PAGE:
Advent starts today. Over the past few years we’ve settled on a few traditions as a way to celebrate this season. I know that Advent is traditionally a season of waiting.  The word itself means “coming” and the season is a time in the liturgical calendar that remembers the first coming of Christ and looks forward to His second coming.  I know that in the church calendar “Christmas” doesn’t technically begin until the 25th and then goes on for 12 days until Epiphany on Jan 6th.  I know that therefore many people who observe Advent don’t decorate for Christmas until the 24th. Christmas carols are not sung in the time of Advent as we are supposed to be waiting and not celebrating yet.

I like this idea in theory. However, it’s not really our tradition. We don’t come from a strong liturgical church background. The church we go to decorates and sings carols in December and celebrates Advent as most people today do, as sort of an Advent/Christmas mix. And so that’s what we do also.

In practice, this works for us. As any parent knows it’s so difficult to keep Christmas for kids from being about anything other than the PRESENTS. Even the other things we do like baking cookies or shopping for presents for kids who need them or going on a special outing together are not really about Christ but about things like “having fun as a family” or “giving to our neighbors” or some generic idea of “loving each other”. And while all those are good and valuable ideas, that’s not really what Christmas is all about. Don’t get me wrong, one of the things I like about the Christmas season is that people do tend to be thinking of others. It’s not a bad thing for the world to have a season where ideas  like “love” and “sharing” are valued.

However, it’s not really what Christmas is about. Christmas is about the birth of our Saviour. Of God sending His son as a tiny baby to save the world from our sins. From a more personal standpoint, of God sending His son to save me from my sins. And that’s what I want to find a way to help our kids keep in the front of their minds during the Christmas season. It’s not enough to me if they realize it’s not just about gifts but about loving each other. I don’t want the message to just be “it’s better to give than receive”. I want them to realize the best is to receive the gift of Christ.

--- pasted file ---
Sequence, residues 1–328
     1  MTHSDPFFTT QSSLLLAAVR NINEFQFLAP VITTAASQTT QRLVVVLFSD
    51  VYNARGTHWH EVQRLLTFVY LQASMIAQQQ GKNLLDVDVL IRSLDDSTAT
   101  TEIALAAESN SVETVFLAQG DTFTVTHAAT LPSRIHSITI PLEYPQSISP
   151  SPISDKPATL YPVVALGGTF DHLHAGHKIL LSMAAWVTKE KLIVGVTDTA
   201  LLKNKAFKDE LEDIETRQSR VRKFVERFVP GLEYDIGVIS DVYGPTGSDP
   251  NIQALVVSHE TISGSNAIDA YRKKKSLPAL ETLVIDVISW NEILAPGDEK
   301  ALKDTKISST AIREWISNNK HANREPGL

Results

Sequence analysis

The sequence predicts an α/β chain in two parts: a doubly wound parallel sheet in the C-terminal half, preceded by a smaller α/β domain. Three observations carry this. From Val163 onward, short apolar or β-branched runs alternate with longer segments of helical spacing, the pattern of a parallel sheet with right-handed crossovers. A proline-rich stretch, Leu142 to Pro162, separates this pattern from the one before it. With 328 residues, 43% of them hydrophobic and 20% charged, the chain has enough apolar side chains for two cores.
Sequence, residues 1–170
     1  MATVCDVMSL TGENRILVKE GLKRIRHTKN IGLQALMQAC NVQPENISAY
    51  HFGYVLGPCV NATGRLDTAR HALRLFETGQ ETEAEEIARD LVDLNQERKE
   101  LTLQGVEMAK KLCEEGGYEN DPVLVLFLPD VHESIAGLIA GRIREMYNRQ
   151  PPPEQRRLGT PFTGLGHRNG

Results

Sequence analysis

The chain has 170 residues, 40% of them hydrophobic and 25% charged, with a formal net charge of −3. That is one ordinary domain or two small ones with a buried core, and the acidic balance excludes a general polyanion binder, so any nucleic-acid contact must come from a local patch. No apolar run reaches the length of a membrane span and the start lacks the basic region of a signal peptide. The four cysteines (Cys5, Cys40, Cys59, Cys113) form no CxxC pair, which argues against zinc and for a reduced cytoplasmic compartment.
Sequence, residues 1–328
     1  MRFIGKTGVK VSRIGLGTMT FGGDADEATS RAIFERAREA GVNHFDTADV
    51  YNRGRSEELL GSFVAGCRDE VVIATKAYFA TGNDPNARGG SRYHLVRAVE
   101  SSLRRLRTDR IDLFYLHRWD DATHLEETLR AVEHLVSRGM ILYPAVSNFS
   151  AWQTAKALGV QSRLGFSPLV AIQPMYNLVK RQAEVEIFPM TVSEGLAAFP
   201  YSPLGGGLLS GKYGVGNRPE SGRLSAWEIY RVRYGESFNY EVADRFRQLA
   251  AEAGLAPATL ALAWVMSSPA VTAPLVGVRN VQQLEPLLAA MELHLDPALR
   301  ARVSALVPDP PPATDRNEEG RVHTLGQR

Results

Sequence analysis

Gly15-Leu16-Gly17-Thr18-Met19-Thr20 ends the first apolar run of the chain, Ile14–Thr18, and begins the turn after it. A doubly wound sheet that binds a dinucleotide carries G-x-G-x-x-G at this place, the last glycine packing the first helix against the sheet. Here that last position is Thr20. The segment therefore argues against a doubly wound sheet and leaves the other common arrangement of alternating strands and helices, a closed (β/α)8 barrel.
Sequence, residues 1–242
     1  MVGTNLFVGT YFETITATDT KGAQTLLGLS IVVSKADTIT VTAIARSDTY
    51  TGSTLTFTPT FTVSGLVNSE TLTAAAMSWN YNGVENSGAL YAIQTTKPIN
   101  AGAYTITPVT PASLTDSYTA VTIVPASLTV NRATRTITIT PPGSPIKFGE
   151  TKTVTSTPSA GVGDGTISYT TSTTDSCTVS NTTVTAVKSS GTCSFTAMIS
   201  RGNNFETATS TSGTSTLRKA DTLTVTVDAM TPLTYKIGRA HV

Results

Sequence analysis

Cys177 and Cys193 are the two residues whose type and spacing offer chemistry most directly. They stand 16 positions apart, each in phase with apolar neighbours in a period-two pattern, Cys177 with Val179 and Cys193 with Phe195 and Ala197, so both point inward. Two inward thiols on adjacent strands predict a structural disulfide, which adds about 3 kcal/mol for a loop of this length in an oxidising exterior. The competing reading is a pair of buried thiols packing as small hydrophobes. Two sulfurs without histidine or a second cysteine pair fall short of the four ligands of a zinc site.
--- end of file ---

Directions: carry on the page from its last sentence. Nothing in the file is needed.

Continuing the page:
For us, that’s where Advent comes in. In the coming weeks I plan on blogging about how we celebrate this season and what we do to try and keep Christ foremost in our own minds and those of our kids.

I’d love to see comments from others sharing what you do in your families during this time of year.


3 thoughts on “Advent

  1. We love your posts about Advent ! Wish we had done this when we were younger. I guess it is never too late. Observing Advent certainly encourages us to think about the True and Real meaning of Christmas. Your children are indeed blessed that you are creating this tradition with them.

  2. Pingback: An Advent Poem « Supratentorial

  3. Pingback: Advent « Supratentorial

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